Business

BOJ's CPI overhaul suggests bond-buying slowdown, analysts say

by Kevin Buckland and Shigeki Nozawa

Bloomberg

The Bank of Japan’s drive to change the way inflation is measured suggests a tapering of bond-buying stimulus will come sooner than markets think.

The central bank is lobbying for a revision to housing cost estimates that could boost its preferred price gauge to within half a percentage point of its 2 percent goal, according to UBS AG. The government is conducting a once-in-five-year re-basing of consumer price indexes, due to take effect July 2016, the middle of BOJ Gov. Haruhiko Kuroda’s six-month target period for reaching the CPI goal.

A measure of rents in the world’s third-largest economy fell 0.3 percent in May from a year earlier, depressing core CPI to near zero.

BOJ Chief Economist Eiji Maeda contends that current estimates of rental values are flawed because they ignore the depreciating value of a property over time.

“If the BOJ adopts a new measure of CPI, it means the chances of reaching the target will be much more possible,” said Naoya Oshikubo, a rates strategist at Barclays PLC in Tokyo. “That means the timing of tapering will be much closer,” pushing up JGB yields, he said.

Barclays forecasts the 10-year yield will rise to 0.75 percent by mid-2016, even without a redefinition of CPI. A weighted-average forecast of analysts surveyed by Bloomberg predicts 0.58 percent. The benchmark bond yielded 0.405 percent on Monday in Tokyo.

Rental values make up almost one-sixth of the broadest measure of CPI, which is why UBS sees the BOJ’s proposed tweak adding as much as 0.3 percentage points to inflation. A rebound in oil after tumbling to as low as $42 a barrel could provide the rest.

“If the oil price rebounds to $70, we may see CPI reaching 2 percent,” said Yusuke Ikawa, a Tokyo-based strategist at the Swiss lender. “Reviewing the way imputed rents are calculated is a constructive step.”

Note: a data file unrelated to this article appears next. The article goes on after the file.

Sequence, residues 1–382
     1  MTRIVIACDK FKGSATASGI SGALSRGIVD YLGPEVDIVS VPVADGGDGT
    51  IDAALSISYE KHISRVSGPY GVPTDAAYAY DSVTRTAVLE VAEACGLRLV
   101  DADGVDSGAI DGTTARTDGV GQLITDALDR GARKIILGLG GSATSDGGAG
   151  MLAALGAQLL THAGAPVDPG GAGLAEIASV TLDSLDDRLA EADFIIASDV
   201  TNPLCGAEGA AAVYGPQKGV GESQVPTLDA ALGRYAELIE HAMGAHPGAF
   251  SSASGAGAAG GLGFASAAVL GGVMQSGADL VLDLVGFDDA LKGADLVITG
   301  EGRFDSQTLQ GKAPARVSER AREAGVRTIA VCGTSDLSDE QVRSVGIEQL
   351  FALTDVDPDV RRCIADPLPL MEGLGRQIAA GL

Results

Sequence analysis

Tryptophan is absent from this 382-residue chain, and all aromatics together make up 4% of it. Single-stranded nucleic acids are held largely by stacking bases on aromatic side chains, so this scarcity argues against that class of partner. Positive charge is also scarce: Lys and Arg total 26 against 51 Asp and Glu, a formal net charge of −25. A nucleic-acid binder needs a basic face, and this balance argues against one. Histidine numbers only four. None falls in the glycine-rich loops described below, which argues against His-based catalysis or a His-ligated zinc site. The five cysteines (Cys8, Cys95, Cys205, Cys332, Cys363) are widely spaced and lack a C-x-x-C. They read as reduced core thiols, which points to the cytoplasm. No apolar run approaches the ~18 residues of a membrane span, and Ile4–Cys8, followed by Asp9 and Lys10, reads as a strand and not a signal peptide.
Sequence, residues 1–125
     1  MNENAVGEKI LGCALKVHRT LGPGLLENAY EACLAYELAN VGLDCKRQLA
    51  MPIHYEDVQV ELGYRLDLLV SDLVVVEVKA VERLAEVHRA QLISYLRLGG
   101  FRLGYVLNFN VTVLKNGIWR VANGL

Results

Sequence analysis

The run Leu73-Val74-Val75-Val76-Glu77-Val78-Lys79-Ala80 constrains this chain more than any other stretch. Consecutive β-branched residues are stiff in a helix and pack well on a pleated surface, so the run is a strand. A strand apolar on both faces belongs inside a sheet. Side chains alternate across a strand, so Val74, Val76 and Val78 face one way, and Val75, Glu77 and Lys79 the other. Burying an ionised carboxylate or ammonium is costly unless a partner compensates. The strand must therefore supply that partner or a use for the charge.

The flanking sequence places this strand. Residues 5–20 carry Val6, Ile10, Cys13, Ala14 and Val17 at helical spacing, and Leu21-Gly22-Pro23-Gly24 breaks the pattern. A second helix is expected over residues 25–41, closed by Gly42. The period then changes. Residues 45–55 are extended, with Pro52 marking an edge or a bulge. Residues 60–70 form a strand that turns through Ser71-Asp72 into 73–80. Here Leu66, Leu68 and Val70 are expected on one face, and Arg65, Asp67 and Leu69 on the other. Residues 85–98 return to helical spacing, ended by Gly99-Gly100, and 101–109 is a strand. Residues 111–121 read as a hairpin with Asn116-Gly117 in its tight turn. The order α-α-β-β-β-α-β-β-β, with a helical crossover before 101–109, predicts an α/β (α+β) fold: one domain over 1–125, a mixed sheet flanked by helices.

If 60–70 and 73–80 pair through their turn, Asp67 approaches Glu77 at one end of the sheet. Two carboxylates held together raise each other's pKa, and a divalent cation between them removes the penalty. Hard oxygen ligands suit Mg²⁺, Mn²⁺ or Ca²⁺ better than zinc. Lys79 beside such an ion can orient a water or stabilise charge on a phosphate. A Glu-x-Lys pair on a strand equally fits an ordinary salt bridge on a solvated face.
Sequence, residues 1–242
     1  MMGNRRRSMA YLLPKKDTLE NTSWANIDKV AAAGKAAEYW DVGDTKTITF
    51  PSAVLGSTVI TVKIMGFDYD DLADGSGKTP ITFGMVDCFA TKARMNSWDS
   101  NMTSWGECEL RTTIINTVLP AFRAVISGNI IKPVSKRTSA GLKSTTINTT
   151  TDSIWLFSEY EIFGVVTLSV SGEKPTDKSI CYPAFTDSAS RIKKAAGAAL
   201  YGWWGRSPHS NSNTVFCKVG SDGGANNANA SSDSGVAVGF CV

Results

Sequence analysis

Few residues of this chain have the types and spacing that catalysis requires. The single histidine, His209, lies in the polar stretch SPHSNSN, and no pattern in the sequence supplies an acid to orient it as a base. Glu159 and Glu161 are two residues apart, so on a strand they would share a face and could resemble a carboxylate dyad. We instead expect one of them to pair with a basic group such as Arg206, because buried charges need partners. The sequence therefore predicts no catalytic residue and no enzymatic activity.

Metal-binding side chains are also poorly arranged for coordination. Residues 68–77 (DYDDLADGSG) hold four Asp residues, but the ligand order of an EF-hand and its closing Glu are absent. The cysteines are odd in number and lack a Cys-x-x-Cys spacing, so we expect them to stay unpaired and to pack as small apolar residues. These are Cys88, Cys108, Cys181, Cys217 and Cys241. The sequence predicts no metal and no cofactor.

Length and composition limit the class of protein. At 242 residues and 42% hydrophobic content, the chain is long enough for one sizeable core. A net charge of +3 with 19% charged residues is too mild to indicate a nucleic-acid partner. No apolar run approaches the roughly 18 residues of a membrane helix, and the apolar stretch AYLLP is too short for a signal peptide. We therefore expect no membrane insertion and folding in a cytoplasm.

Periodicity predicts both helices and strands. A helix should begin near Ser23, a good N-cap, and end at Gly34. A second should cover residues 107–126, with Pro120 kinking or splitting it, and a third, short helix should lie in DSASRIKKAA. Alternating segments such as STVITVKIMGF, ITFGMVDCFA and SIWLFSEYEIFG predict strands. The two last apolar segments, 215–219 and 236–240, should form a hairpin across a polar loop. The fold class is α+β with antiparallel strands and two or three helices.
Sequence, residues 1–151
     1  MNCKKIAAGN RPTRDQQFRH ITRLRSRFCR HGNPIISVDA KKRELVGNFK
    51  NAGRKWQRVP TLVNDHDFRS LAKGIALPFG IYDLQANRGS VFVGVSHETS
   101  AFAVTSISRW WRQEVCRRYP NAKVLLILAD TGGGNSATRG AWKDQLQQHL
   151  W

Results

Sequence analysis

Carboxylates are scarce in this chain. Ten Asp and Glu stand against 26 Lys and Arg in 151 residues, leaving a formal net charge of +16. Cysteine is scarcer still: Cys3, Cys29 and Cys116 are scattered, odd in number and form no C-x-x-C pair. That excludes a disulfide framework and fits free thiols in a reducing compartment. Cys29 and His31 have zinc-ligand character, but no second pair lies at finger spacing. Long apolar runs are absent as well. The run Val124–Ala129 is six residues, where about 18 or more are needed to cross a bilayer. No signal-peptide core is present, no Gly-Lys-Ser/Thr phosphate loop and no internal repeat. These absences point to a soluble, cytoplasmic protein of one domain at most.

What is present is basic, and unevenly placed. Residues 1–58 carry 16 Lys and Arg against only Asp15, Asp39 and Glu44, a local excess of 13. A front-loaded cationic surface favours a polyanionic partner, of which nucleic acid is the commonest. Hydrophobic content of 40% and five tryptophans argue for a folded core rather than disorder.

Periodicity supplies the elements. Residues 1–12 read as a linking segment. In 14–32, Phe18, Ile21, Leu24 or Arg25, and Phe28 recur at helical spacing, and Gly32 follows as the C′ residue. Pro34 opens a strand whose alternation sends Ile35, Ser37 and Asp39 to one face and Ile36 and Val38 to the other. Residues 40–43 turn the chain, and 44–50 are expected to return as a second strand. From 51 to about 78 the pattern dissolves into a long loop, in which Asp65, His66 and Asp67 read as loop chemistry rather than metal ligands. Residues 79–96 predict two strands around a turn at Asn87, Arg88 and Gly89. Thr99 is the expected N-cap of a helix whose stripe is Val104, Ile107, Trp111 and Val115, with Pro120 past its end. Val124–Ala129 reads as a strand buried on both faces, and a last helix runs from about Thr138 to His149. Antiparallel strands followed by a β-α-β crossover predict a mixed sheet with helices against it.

Even if the central bank fails to win the government over on how to calculate home values, it has already been sending signals that it’s looking beyond its preferred measure of price changes that strips out food prices and the effects of an April 2014 sales tax increase. The BOJ gave more prominence to a gauge that also excludes energy costs in its monthly report for July, a statistic it had previously reserved for quarterly outlooks.

In another sign of change, the BOJ this month promoted a consumer price specialist, Shigenori Shiratsuka, to deputy head of its monetary policy affairs department. Barclays says the appointment could presage the BOJ building its own price index, and that might also bring forward the timing of an exit from stimulus.

Kuroda expressed confidence this month that price gains will accelerate “at a rapid pace” later this year. The BOJ has refrained from expanding its bond-buying program since October, and more than a third of economists surveyed by Bloomberg now predict no additional easing.

Okasan Securities Group Inc. predicts the 10-year yield could climb to 1 percent if the BOJ reaches its inflation target, but an increase beyond that would require a stronger economic recovery.

“Even if the BOJ achieves 2 percent inflation, the question is whether there’s a good balance in the economy if growth is weak,” said Makoto Suzuki, a senior bond strategist at the brokerage in Tokyo. “People are already starting to feel that prices are rising a lot more than the statistics show.”